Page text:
Mukherji also emphasizes the importance of educating the various ACO constituents about how and where wasteful imaging originates. “We need to communicate to the administration and our participating physician colleagues that we want what is best for the patient when it comes to imaging—the most appropriate study obtained with the highest quality, interpreted by the most qualified physician, and performed at the lowest reasonable cost,” he says. “We need to make sure the health system and its physicians understand that imaging should be performed by radiologists to eliminate any hint of self-referral, which is one of the primary drivers of inappropriate studies.”

Ingrid Lund, practice manager with the Advisory Board Company, suggests a range of additional innovative approaches to adding value. “We’re seeing a lot more interest in and pursuing of JVs to create lower-cost sites of care within the network,” she says. “Imaging experts can help with capital equipment purchasing—they’ve probably learned a thing or two about working with vendors and service contracting that could help the organization with some of those big decisions.”

 She adds that screening exams often act as a gateway that bring patients into the health system, creating another opportunity for radiologists to supply their expertise. “There are a lot of careful steps you need to take to optimize that, from pricing to marketing to downstream needs,” she points out. “A lot of what imaging has learned about that could be much more widely applicable.”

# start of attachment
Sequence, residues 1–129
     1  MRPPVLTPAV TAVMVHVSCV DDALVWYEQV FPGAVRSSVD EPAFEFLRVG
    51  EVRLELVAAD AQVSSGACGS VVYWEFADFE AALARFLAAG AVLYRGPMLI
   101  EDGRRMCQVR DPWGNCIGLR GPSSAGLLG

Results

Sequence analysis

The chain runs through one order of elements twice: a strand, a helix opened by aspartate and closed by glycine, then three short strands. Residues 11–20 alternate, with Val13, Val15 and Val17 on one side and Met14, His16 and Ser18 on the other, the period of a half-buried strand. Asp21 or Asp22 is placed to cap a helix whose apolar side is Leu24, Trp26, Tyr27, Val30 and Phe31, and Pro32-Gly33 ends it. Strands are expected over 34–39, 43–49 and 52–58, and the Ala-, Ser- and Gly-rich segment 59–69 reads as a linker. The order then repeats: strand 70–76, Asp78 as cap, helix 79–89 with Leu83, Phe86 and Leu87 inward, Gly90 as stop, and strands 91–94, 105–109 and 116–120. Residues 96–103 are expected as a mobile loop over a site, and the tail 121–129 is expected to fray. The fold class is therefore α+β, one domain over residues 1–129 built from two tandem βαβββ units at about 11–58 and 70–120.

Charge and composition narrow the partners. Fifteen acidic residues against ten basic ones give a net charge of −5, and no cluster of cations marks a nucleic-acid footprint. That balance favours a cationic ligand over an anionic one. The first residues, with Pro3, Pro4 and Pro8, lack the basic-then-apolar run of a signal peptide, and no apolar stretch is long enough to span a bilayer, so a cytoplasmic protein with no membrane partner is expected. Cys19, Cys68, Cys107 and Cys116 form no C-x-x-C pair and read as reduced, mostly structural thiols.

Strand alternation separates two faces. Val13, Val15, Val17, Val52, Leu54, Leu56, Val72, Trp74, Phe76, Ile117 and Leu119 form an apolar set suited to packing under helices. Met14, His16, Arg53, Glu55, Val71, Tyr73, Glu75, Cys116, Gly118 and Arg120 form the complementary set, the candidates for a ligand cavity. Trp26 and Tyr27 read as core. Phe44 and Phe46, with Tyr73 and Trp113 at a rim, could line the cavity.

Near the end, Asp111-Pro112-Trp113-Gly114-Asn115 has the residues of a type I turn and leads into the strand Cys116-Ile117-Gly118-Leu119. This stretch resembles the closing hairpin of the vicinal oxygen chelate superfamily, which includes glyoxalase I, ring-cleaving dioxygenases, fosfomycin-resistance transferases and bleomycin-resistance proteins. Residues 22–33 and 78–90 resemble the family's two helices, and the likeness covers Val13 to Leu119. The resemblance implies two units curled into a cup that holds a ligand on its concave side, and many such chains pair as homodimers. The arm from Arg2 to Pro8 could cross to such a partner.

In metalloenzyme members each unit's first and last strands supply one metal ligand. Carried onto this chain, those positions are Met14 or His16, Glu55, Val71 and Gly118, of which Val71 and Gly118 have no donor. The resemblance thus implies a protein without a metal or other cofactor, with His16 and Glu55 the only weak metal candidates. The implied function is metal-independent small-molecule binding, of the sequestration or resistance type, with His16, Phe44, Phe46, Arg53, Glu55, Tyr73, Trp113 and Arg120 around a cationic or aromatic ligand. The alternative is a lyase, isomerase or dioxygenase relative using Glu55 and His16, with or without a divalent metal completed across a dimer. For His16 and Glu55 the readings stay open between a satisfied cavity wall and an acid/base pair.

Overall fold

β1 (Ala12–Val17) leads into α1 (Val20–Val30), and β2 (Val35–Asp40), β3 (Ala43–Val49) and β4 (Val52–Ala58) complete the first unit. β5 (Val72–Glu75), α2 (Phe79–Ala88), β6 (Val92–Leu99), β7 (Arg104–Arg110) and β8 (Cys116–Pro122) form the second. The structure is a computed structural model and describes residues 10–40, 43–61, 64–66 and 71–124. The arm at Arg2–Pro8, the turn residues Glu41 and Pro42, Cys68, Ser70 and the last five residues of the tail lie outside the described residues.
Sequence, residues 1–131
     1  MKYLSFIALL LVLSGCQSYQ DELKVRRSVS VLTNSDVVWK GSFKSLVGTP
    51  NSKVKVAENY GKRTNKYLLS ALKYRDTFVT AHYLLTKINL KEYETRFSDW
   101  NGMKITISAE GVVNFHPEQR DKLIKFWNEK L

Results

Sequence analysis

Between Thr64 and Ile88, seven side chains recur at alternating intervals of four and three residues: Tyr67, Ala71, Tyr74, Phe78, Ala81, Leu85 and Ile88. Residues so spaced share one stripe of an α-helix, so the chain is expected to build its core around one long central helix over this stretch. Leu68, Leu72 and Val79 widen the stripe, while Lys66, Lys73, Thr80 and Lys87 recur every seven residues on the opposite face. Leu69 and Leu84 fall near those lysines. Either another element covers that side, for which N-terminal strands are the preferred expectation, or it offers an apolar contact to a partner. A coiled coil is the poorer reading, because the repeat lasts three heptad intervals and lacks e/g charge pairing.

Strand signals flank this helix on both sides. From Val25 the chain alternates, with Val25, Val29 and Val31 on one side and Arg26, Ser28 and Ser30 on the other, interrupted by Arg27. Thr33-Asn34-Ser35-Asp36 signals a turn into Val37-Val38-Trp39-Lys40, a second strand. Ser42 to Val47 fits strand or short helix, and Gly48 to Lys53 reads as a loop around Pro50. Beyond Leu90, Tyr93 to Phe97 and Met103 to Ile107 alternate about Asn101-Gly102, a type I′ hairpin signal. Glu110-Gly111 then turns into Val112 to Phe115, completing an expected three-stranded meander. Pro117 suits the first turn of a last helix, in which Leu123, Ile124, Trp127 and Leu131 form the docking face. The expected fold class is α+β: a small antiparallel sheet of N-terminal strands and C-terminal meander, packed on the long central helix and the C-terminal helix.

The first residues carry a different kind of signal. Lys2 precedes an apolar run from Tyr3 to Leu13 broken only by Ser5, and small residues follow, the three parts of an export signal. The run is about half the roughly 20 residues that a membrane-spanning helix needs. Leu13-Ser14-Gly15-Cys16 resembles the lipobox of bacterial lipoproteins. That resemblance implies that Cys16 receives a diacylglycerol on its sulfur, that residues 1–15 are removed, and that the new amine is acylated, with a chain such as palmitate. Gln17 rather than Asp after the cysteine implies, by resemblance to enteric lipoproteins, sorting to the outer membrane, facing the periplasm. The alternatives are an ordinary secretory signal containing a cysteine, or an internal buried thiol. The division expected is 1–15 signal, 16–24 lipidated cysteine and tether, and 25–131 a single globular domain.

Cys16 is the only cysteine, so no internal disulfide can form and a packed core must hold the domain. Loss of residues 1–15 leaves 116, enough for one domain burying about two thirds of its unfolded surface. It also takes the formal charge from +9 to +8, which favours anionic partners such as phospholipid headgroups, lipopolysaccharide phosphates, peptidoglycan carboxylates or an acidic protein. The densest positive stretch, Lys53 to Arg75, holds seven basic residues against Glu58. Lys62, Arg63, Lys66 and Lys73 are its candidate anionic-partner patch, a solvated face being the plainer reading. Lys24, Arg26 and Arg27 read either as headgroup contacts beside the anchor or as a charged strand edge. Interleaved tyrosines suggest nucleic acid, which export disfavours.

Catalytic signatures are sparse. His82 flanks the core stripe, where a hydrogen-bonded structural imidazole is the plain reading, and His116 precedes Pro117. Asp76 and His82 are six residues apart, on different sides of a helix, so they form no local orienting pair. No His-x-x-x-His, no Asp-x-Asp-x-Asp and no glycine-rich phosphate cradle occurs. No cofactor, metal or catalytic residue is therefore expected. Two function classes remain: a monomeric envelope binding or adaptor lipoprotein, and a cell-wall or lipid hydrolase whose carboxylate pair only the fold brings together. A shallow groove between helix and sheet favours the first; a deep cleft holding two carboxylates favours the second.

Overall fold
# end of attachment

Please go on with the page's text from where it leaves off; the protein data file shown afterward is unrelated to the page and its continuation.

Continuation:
Further, she says, radiology groups can make themselves invaluable by offering to supplement the organization’s informatics infrastructure. “IT is so important to reducing repeat exams,” she says. “If radiology groups are willing to manage the storage and communication around that issue, that will make them very valuable partners to the ACO.”

Importance of informatics

Glassberg says the importance of informatics to accomplishing the goals of ACOs—and, ultimately, to managing population health—cannot be understated. “Everything we’re going to do is going to be directly reliant on our informatics systems and their ability to talk to one another,” he says. Lyons concurs: “Our organization is still growing, but modest, and we are spending a small fortune on interoperability,” he says. “We need to get data from a huge number of EMRs into a stable environment.”

Anspach calls data analysis “one of only a few things that will make or break an ACO.” Pointing out that participants in the Medicare Shared Savings Program are given access to current and historical claims data from CMS, he sees potential for ACOs to break new ground when it comes to business intelligence and analysis of data. “We have a lot of opportunity now to look at cost effectiveness of care and quality outcomes in a way that we never have before,” he says.